). Although a typical macroporous structure of the PEI cryogel was preserved, large pores of a size from 1 to 15 µm appeared in the pore walls. The atomic ratio of Zn/Fe in the composite varied in a very broad range. In most spots, Zn was in non-stoichiometric excess, reaching a Zn/Fe atomic ratio of up to 15. The overall content of Zn and Fe was significantly lower than in composites obtained by the Methods I and II, although the same amounts of Zn(II) and [Fe(CN)6
were introduced to all types of composites. It is likely that, under cryoconcentration conditions, PEI negatively affects the stability of initially formed ferrocyanide nanocrystals; therefore, being originally embedded to the polymer phase during the cross-linking step (7 days), they were dissolved and played the role of template rather than that of sorption active component.
2.2. Cs+ Sorption on PEI/ZnFC Composite Cryogels in Batch and Fixed Bed
a shows the breakthrough curves for Cs+
ions sorption on PEI/ZnFC monoliths fabricated via Methods I and II. In all cases, residual Cs concentrations in the outlet solutions until breakthrough point were below the detection limit of AAS (<0.1 mg/L), so that Cs+
uptake efficiency was above 99.5%. The observed at high flow rate (100 BV/h = 5.53 m/h) steep breakthrough profiles are typical for sorption without significant mass transfer limitation, which makes PEI/ZnFC composite cryogel different from the earlier reported composite cryogels, which showed sloppy breakthrough curves without a horizontal region of high removal efficiency even at significantly lower superficial velocities [6
The location of the ferrocyanide nanoparticles inside a polymer matrix (Method II) or at the interface (Method I) had no effect on the shape of the breakthrough curve under the sorption conditions shown in Figure 5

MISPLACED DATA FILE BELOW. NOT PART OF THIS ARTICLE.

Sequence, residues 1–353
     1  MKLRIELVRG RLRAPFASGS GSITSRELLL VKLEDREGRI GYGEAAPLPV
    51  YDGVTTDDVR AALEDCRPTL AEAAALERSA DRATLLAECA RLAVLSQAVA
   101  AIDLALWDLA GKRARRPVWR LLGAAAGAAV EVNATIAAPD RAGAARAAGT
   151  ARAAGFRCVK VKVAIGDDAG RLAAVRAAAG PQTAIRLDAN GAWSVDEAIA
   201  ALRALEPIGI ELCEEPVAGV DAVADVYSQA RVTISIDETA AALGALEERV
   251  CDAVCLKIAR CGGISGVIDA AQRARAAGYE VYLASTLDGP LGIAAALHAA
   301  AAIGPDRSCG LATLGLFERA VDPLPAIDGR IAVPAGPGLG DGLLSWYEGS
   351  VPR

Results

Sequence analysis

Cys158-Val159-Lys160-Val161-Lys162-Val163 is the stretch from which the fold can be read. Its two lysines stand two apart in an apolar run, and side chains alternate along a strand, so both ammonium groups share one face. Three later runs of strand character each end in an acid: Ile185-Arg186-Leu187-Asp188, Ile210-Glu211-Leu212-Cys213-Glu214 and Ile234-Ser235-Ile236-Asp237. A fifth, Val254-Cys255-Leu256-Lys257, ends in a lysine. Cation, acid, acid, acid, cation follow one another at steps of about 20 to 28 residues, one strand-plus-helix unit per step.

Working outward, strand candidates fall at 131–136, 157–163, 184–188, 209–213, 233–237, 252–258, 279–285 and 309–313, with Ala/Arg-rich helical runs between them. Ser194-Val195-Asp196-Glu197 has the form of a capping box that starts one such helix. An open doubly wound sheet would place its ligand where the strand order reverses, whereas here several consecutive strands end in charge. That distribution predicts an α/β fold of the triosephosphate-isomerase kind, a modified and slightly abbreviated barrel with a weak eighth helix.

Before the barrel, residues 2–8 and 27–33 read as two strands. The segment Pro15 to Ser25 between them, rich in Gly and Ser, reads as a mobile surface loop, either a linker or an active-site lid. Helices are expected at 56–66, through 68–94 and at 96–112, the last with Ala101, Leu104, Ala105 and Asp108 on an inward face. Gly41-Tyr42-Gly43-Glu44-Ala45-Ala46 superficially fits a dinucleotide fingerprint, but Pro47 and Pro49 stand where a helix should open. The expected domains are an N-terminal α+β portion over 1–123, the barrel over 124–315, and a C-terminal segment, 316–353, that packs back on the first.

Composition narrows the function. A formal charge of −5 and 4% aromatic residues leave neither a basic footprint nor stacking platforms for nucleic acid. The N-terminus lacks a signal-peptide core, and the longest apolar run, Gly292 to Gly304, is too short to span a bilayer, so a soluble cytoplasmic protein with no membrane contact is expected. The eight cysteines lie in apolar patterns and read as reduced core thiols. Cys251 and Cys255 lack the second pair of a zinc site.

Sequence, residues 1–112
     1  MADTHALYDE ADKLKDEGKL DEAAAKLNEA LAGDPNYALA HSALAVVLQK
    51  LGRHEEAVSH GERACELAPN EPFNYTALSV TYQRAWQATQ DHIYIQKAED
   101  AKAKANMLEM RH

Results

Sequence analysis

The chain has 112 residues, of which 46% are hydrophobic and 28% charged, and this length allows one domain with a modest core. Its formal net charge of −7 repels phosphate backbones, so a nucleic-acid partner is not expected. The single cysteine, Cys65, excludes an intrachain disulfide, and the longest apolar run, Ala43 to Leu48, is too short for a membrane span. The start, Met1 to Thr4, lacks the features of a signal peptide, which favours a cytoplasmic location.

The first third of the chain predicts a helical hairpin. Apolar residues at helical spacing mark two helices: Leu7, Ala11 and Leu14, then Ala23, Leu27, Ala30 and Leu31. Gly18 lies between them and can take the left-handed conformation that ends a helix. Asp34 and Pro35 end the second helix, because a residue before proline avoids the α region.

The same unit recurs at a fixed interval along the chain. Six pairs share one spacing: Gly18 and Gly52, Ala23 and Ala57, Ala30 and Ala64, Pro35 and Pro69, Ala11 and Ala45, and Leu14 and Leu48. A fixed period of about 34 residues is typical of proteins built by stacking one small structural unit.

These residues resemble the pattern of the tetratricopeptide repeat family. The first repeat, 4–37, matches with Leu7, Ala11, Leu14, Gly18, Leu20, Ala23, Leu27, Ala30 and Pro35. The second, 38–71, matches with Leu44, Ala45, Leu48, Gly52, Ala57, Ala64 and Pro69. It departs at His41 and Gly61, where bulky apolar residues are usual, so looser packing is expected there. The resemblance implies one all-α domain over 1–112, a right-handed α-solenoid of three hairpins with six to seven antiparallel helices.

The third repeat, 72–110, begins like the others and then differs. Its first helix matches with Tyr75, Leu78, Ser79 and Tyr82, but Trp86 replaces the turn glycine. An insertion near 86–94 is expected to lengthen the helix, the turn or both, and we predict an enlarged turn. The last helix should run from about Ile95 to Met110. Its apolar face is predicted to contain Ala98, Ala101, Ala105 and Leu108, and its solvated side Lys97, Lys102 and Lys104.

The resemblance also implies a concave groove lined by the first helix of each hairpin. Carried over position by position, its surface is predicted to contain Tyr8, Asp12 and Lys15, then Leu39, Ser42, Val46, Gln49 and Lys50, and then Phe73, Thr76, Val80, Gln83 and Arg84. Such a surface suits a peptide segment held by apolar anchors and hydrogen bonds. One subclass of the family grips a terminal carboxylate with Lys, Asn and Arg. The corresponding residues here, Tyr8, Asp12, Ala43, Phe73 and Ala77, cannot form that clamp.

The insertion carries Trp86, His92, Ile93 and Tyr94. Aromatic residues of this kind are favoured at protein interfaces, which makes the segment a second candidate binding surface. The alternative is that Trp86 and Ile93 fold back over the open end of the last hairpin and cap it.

a, although the sorption inactivity of nanoparticles embedded in a polymer matrix was reported for the composite cryogel for protein chromatography [18
]. This proved that the diffusion of cesium ions in the polymer matrix was not the limiting stage of the sorption, complying with our previous study [23
], which revealed a significant role of diffusion limitations only in the case of high-molecular-weight pollutant sorption on PEI cryogel. Thus, the sorption kinetics on ferrocyanide particles is expected to control the sorption performance of the PEI/ZnFC composite.
The release of K+
ions under dynamic conditions (Figure 5
b) suggests that ion exchange between Cs+
ions in solution and K+
ions in the Zn1.85
] lattice significantly contributes to the sorption mechanism on PEI/ZnFC (Method I) composite. However, the maximal sorption capacity (~0.4 mmol/g) determined from the Cs+
sorption isotherm (Figure 5
d) is higher than the dynamic sorption capacity (0.26 mmol/g) determined from breakthrough curves (Figure 5
a) and the value 0.31 mmol/g, which can be expected from ZnFC chemical composition Zn1.85
] and Zn(II) content in monolith (Table 1
). It is likely that the K+
ion-exchange works for the fast sorption sites, which are active under dynamic conditions at high flow rates, but, under long equilibration times, other mechanisms or other sorption centers can contribute to the increased sorption capacity.
The presence of sorption sites with different sorption energies in the composite containing potassium–nickel ferrocyanide was hypothesized in [11
], since the bi-site Langmuir equation provided a better fit to the experimental Cs+
sorption isotherm. Recently, we developed the extended rate-constant distribution (RCD) model for sorption in heterogeneous systems [13